At the end of the lecture, when all of the students had presented their work to the class and taken questions, the lecturer in charge of that particular class said (something like) "Ok.  Great job on that - all of you.  Some great ideas. some good takes on the brief.  But from now on, through this bachelor's degree, we don't want to see any more zombies in anyone's game design.  That's it.  None.  You've got it out of your system and now we can all move on."

And it worked.  I can't remember a single design thereafter that included zombies - for all three years, across 50 or so students.  That's a lot of projects to not have something easy to work with as a backup.

So fast forward several years.

I've done my bachelor's, I've completed my master's.  We're wanting to celebrate in some way.

I have a thought that I could make some little figures to go atop cupcakes; have some friends over and have the little figures be kind of party favours.  But I've got that games designer head on.  I need to make some sort of rule structure with which these little figures could be so much more.

I get a little distracted and the figures don't get made.  But after a couple of weeks, I play test my board game.  I'll call it "Zombie Game."

The first draft is rough and we're making up half of the rules as we play, since it's understandably difficult to think of every situational possibility when planning on how to make a new game.  We write rules down and cross rules out.  We add items to the game, we replace part of the board.  It's a lot of fun, but on the first test, it's a lot more writing.

Eventually, we get a more well-rounded game that we go on to play test a few more times before the family and I move Stateside.

The game takes a move to the back burner while we settle down and build our lives over here.

Earlier this year, I had the opportunity to bring it out again and play test with a friend - and one of his friends who is a little further on in the process of publishing a game.  It was great!  We got a lot of playing done and I made some great notes.  With our trip home to England coming up, I've done some more work, more drawing out, more rule amending, and sent the outline and rules of the game to a good friend back home to read through with fresh eyes.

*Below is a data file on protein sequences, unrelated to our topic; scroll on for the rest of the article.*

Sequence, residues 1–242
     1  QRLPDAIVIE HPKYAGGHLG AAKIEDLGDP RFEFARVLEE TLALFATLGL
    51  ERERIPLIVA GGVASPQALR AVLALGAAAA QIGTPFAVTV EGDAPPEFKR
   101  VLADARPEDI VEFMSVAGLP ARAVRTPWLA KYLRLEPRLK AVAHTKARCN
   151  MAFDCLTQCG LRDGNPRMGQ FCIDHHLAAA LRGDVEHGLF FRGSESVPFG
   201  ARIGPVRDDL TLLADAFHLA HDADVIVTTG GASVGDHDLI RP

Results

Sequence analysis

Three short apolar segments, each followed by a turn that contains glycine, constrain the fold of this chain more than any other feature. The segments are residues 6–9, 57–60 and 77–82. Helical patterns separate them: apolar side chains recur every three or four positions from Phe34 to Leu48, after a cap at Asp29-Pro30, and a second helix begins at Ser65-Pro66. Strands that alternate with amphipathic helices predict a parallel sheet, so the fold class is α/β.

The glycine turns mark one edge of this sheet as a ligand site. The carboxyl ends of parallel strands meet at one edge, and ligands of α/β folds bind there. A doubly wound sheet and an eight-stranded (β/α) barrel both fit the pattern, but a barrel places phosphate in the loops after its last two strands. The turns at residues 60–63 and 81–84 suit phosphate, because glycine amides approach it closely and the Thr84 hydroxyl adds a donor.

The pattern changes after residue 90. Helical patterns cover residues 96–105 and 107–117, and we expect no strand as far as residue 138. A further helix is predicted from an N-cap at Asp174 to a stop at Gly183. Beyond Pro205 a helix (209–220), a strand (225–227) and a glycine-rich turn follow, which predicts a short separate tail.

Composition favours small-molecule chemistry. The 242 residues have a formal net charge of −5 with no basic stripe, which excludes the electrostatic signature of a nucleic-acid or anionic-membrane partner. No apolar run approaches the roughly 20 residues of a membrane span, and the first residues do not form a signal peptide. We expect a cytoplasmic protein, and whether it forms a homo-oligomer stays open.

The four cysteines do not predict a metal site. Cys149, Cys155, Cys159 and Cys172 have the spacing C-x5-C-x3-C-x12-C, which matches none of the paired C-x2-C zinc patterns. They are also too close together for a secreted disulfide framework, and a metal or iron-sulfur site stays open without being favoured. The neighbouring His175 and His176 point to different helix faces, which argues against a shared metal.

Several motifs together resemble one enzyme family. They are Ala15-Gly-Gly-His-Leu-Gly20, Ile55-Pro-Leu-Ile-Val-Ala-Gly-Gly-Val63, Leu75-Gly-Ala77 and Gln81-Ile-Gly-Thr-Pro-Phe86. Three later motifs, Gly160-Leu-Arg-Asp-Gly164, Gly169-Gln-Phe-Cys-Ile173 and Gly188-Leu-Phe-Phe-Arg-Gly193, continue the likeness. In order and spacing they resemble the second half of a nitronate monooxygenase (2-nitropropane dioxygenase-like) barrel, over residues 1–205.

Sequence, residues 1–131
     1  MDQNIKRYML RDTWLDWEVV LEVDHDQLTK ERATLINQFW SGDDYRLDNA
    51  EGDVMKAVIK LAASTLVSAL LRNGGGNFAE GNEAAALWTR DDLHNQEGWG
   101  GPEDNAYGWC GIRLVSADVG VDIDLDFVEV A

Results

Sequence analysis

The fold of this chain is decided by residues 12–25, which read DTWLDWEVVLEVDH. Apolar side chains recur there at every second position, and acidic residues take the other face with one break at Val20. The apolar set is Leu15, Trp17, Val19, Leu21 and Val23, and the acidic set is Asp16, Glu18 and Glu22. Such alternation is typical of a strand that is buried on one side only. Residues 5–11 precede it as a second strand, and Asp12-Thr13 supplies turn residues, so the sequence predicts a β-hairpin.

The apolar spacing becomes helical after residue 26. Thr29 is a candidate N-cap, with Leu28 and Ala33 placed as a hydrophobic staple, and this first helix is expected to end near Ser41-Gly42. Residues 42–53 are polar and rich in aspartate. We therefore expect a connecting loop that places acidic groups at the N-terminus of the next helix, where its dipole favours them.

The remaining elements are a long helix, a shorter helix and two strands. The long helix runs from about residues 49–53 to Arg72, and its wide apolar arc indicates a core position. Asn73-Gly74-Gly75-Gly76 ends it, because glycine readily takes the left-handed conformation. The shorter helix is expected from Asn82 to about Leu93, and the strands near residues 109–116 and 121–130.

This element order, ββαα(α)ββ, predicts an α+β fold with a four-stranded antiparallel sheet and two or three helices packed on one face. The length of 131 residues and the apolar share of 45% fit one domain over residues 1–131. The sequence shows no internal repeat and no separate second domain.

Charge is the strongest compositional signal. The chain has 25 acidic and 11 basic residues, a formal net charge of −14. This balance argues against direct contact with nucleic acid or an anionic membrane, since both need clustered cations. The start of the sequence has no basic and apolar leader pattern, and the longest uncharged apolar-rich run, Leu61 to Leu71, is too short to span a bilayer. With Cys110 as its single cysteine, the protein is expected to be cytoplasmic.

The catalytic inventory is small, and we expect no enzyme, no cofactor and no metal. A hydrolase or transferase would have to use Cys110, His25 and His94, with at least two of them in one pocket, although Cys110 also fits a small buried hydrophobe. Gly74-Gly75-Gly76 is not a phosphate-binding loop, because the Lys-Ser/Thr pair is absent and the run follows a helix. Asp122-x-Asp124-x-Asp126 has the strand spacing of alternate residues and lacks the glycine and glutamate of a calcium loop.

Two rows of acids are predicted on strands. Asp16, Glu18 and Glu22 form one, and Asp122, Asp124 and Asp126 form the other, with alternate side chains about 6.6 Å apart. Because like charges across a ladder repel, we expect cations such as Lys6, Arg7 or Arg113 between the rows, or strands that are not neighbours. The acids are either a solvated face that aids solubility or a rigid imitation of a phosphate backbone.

I have some more to write, but it's in a place where I think that we can have a relatively question-free game when we go over.  I'm pretty excited.

Some pictures as I worked my way through scaling the board through various sizes.  I went from 1/8th" graph paper for my initial rough and for my first test game - as game in which we used sewing pins as pawns.  Then there was the bigger 1/4" grid that held a map that was based on a (pretty much) 1" pattern.  So then the next step was to bump the grid up to 1" to accommodate that, which is were I am now.

And then, up until the 1/4" grid, it was a house layout that was used originally was about as English as you could get; that evolved to a more American house layout once we'd moved.  One level.  Wider.  It was a challenge to translate some of the rules into a more American phrasing - some I lost altogether.

So I find myself here, at the very edge of this design.  Everyone I've tested this with has known about it before playing it save one.  And that game went well for the game's progression.  So I've sent a copy of the rules to someone else who hasn't seen them before - in preparation to test again in a month or so, but still - new eyes will find things that I can't see any more.  Putting so much time into something is one of the best ways to go blind to it.